In this article, it is argued that a convergence between the (post-)analytic and continental traditions in philosophy is unlikely. Both traditions have fundamentally different approaches to questions concerning consciousness and subjectivity. They also differ in their conception of the role of philosophy, if we are to become autonomous and reflective humans beings.To illustrate this, a comparison is made between the work of the continental philosopher DieterHenrich and the 'post-analytic' philosopher Thomas Nagel, who is often seen (...) as a typical 'converger'. (shrink)
Manfred Frank has in recent publications criticized a number of prevailing views concerning the nature of self-awareness,1 and it is the so-called reflection theory of self-awareness which has been particularly under fire. That is, the theory which claims that self-awareness only comes about when consciousness directs its 'gaze' at itself, thereby taking itself as its own object. But in his elaboration of a position originally developed by DieterHenrich (and, to a lesser extent, by Cramer and Pothast) Frank (...) has also more generally criticized every attempt to conceive original self-awareness as a relation, be it a relation between two acts or a relation between the act and itself.2 Every relation entails a distinction between two (or more) relata and, according to Frank, it would be impossible to account for the immediacy and infallibility of selfawareness (particularly its so-called immunity to the error of misidentification), if it were in any way a mediated process. Thus, self-awareness cannot come about as the result of a self-identification, a reflection, an inner vision or introspection, nor should it be conceived as a type of intentionality or as a conceptually mediated propositional attitude, all of which entails the distinction between two or more relata. The pre-reflective self-awareness of an experience is not mediated by foreign elements such as concepts and classificatory criteria, nor by any internal difference or distance. It is an immediate and direct self- acquaintance which is characterized by being completely and absolutely irrelational (and consequently best described as a purely immanent self-presence).3 Frank's approach is unusually broad, since he draws on the resources of several different philosophical traditions, including German Idealism, analytical philosophy of mind, and phenomenology. When it comes to the latter, it is particularly in Sartre that Frank has found important insights, whereas he has criticized Husserl's position persistently in most of his writings on self-awareness.. (shrink)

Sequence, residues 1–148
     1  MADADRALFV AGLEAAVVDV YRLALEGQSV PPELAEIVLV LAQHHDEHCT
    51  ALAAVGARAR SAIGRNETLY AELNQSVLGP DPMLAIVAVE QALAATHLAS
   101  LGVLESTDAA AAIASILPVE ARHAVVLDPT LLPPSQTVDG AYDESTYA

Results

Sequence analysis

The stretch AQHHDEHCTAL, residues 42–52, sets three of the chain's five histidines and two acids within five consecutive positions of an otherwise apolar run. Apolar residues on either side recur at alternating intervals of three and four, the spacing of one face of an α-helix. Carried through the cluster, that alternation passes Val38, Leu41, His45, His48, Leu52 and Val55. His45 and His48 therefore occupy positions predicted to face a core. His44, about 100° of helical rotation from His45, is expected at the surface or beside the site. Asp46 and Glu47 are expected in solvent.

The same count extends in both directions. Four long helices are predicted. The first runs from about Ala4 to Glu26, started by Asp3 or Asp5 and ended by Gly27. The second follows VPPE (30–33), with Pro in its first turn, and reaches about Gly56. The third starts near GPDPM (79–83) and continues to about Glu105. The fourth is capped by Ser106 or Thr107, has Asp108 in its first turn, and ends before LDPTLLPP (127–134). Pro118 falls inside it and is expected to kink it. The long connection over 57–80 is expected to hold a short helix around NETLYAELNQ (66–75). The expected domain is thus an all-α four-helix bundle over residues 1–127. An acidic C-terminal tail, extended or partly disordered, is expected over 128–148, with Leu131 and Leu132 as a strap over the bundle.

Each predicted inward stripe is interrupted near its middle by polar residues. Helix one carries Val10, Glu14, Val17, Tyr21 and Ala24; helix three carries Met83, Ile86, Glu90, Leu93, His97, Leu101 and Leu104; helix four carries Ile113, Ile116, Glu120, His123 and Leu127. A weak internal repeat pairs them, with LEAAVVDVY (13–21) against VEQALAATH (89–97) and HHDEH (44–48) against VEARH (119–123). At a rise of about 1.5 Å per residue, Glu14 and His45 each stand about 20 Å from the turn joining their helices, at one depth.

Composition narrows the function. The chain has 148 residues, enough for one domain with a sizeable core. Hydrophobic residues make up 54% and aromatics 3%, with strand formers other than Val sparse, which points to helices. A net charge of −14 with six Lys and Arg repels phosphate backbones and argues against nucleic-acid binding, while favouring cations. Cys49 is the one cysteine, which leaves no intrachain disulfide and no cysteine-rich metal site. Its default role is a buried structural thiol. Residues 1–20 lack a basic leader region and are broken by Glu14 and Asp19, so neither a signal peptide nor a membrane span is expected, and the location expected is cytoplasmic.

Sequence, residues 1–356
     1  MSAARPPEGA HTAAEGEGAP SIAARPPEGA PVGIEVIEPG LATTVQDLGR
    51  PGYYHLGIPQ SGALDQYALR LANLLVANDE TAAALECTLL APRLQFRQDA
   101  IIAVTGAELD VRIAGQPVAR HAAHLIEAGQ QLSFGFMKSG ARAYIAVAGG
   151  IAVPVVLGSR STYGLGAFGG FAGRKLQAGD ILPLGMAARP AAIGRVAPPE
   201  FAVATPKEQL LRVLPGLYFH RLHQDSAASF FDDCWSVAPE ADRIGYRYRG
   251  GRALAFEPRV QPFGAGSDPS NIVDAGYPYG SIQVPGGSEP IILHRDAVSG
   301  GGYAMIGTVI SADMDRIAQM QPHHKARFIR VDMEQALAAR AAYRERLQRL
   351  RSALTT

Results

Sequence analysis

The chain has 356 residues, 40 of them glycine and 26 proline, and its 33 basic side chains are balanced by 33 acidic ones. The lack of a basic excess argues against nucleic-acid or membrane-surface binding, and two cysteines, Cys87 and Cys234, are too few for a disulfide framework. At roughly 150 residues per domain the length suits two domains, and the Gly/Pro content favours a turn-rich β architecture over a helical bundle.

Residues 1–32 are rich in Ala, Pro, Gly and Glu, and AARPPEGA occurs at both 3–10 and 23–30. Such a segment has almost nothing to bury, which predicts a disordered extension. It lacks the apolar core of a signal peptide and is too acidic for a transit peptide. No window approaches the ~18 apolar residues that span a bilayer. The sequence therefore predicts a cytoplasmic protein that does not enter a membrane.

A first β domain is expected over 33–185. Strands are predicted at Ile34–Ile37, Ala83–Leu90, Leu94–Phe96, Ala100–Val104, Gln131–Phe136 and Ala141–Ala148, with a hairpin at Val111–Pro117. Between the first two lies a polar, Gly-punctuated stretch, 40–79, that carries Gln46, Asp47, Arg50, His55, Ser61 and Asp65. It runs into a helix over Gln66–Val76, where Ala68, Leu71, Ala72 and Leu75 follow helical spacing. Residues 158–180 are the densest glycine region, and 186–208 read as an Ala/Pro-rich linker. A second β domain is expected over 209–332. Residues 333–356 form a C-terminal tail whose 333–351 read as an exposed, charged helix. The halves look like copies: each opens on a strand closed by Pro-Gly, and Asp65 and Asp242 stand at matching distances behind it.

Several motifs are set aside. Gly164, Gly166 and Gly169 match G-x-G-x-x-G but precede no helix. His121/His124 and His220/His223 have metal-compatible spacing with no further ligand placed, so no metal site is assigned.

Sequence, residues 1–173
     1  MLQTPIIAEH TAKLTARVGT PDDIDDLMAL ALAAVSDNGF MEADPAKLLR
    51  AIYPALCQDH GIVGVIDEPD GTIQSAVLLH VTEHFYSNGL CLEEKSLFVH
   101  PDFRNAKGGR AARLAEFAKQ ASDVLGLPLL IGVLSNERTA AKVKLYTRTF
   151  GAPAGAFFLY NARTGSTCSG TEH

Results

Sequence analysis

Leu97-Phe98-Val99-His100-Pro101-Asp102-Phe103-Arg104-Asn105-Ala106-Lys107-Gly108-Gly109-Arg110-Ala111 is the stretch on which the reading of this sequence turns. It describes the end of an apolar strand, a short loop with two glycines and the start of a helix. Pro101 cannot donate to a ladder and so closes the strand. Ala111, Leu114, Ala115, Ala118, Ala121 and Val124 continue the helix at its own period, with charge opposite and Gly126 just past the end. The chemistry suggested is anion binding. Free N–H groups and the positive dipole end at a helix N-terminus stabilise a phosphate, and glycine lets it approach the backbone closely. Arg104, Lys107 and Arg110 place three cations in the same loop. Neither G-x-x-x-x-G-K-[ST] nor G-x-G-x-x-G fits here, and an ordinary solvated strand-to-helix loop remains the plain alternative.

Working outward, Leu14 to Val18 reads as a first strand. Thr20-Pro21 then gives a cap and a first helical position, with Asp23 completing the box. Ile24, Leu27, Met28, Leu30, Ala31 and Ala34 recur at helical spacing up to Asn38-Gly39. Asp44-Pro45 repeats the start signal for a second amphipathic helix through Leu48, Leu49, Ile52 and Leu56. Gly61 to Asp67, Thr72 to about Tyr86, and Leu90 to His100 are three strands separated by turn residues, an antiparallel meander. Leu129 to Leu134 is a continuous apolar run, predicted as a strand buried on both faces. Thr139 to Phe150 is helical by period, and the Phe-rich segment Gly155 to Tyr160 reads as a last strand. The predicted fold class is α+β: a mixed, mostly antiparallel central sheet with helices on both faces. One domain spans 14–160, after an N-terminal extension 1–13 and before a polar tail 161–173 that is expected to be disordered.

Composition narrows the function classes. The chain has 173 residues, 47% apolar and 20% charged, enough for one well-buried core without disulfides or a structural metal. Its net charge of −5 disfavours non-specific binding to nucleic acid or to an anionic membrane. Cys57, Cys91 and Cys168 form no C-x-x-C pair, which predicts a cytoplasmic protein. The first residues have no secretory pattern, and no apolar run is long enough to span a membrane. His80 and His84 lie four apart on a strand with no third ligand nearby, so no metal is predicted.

The deconstruction of the subject associated with postmodernism cannot be said to have simply carried the day. Opponents and critics of postmodernism have held that we must return to the subject and to autonomy as a necessary condition of thinking about ethics, politics, agency and responsibility. Indeed, Peter Dews has recently argued that efforts to displace the subject repeat rather than dissolve the problems generated by subject-centered theories, a charge he takes to be devastating. The implications of this return to (...) the subject, and the power of the critique which motivates it, will be my focus here. I consider especially Judith Butler's performative account of agency and her recent discussion of reflexivity, and argue that they afford us a means of obviating the critique while providing for the reflexive agency that proponents of the return to the subject think necessary. Key Words: agency • autonomy • Seyla Benhabib • Judith Butler • DieterHenrich • power • reflexivity • subjectivation • subjectivity. (shrink)
Frankfurt School critical theory has long opposed metaphysical philosophy because it ignores suffering and injustice. In the face of such criticism, proponents of metaphysics (for example DieterHenrich) have accused critical theory of not fully investigating the questions is raises for itself, and falling into partial metaphysical positions, despite itself. If one focuses on Max Horkheimer's early essays, such an accusation seems quite fitting. There he vociferously attacks metaphysics, but he also develops a theory that pushes toward metaphysical (...) questions. His work can thus seem laden with unpacked metaphysical baggage, and fraught with contradiction. The aim of this paper is to show that Horkheimer's critique of metaphysics makes sense and is not contradicted by a surreptitious metaphysics. To show this, Horkheimer's views will be compared with Bas van Fraassen's in The Empirical Stance . Ultimately, the paper should show that Horkheimer's early philosophy can be reconstructed in such a way that it employs a 'materialist stance'. (shrink)